Comida for the hotel staff is usually around 3 p.m. I brought down my contribution beforehand so it could be heated while the other components of the meal were prepared. Janet and I left the hotel a little before 2 p.m. to have comida on our own. As I ate I couldn’t help wondering how my picadillo went over.
When we returned, nearing 5 p.m., the kitchen was bare of any remnants of lunch. I went in to see the office manager, smiling shyly, and asked what the staff had thought of my picadillo. She could not have been more enthusiastic. “They loved it. We all loved it. It was perfect, and you made so much that we gave a portion to the owners.” “Was it spicy enough?” I asked. Now it was the office manager’s turn to smile shyly. “No, Juju, it was not picante.” I hung my head. “But everyone loved it!” she said again. That was enough for me. But I knew, then and there, that upon my return this winter, I would be bringing more potent chili powder and buying some fiery fresh peppers at the local produce market.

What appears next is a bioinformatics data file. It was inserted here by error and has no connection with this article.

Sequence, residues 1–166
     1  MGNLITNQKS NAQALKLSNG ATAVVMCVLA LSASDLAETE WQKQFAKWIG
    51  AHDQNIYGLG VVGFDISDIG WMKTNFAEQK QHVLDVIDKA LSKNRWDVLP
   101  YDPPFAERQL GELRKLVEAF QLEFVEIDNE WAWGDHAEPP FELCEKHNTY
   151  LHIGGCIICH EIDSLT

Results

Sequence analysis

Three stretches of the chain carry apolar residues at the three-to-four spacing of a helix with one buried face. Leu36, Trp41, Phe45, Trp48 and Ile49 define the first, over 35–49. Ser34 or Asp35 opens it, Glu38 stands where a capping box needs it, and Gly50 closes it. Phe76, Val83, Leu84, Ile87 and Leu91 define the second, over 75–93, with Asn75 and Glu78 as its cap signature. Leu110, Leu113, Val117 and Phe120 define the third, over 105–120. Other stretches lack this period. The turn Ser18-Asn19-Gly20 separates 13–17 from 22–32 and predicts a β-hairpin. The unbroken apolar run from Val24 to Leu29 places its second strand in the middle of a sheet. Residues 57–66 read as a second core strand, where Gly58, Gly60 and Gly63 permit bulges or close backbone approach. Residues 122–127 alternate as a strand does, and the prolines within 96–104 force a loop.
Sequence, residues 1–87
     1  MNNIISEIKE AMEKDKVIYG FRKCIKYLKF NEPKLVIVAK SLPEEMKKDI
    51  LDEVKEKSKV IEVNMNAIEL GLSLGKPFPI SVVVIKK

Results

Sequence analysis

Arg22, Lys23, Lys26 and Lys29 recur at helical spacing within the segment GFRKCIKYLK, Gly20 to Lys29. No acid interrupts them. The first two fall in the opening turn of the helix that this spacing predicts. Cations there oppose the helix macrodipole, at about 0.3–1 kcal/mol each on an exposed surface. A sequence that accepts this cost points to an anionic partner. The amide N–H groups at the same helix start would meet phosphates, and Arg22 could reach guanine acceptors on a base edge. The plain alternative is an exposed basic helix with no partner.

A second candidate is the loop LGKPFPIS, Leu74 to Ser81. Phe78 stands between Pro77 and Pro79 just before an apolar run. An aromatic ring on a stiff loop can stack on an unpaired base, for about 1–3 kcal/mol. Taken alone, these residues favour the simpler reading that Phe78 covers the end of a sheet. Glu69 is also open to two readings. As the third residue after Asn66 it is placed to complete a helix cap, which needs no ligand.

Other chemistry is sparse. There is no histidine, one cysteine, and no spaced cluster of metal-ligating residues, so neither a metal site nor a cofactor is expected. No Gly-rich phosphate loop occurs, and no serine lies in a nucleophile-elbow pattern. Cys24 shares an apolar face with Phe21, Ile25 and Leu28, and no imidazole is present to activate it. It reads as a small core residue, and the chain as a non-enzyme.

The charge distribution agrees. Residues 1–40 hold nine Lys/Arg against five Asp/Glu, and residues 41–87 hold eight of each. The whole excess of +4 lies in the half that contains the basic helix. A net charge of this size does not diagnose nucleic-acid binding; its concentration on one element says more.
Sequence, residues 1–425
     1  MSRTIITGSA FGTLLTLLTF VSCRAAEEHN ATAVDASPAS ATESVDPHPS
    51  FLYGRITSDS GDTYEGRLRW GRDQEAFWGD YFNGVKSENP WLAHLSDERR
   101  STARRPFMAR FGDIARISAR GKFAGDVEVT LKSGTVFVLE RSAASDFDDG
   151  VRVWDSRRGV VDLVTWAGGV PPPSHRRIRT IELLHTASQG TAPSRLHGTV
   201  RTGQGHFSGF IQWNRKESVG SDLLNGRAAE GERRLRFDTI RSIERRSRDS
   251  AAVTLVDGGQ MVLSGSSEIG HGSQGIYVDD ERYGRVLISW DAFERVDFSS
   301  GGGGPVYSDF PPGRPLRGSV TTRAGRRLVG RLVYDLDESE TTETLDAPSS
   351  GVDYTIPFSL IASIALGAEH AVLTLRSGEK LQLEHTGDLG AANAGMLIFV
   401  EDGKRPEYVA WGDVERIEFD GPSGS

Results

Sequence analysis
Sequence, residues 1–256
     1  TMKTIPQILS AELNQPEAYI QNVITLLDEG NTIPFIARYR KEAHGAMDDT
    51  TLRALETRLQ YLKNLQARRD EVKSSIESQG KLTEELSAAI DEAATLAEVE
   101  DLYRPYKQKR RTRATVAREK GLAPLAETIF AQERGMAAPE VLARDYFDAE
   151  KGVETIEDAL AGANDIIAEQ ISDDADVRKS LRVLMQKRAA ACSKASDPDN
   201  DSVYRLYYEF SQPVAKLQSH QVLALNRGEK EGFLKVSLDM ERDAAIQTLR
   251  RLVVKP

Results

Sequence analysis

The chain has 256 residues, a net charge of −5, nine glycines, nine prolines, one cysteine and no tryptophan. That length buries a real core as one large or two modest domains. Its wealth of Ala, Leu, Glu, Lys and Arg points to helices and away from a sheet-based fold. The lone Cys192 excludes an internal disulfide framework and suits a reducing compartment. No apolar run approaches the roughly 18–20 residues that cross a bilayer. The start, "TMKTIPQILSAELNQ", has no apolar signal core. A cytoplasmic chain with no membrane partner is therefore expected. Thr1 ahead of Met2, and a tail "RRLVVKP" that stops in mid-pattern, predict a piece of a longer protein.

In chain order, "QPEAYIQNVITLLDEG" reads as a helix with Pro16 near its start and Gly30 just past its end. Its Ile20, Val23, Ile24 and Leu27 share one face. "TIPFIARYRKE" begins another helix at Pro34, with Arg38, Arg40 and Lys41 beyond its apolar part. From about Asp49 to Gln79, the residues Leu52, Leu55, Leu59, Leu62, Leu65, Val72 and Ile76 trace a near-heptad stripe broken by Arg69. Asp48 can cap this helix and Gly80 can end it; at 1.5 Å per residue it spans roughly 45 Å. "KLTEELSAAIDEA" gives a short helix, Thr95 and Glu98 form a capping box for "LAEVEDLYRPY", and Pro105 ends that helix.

Picadillo (sweet and sour ground meat)
1–1 ¼ pound ground beef or pork (or a mixture of the two)
1 large onion, finely chopped
2 cloves garlic, finely minced
2 bottled, pickled jalapeno chilies (about 1 1/2 tablespoons), drained and finely chopped
1 teaspoon ground cumin
1 teaspoon chili powder
1 teaspoon crumbled dried oregano
½ teaspoon cinnamon
¼–½ teaspoon dried red chili flakes
¼ cup olive oil
1 ½ cups chunky tomato sauce or crushed tomatoes
2 tablespoons tomato paste
½ cup raisins
1 tablespoon drained tiny capers
¼ cup chopped pitted green olives (optional)
Salt and freshly ground pepper
Heat 2 tablespoons olive oil in a medium-sized skillet over moderately low heat. Add onion, garlic, jalapenos, cumin, chili powder, oregano and cinnamon to pan. Sauté, stirring, until onion is softened, about 5 minutes. Set aside. In a large skillet, heat the remaining olive oil over moderately high heat. Add the ground meat and cook, breaking up any lumps, until meat is no longer pink. Add tomato sauce or tomatoes, tomato paste, raisins, capers, red pepper flakes, and olives (if using). Lower heat and simmer, uncovered, for 5 minutes. Add onion and garlic mixture to skillet, stir to combine, and continue to simmer for another 5 minutes, until it is thickened and most of the liquid has evaporated. Serve immediately over rice.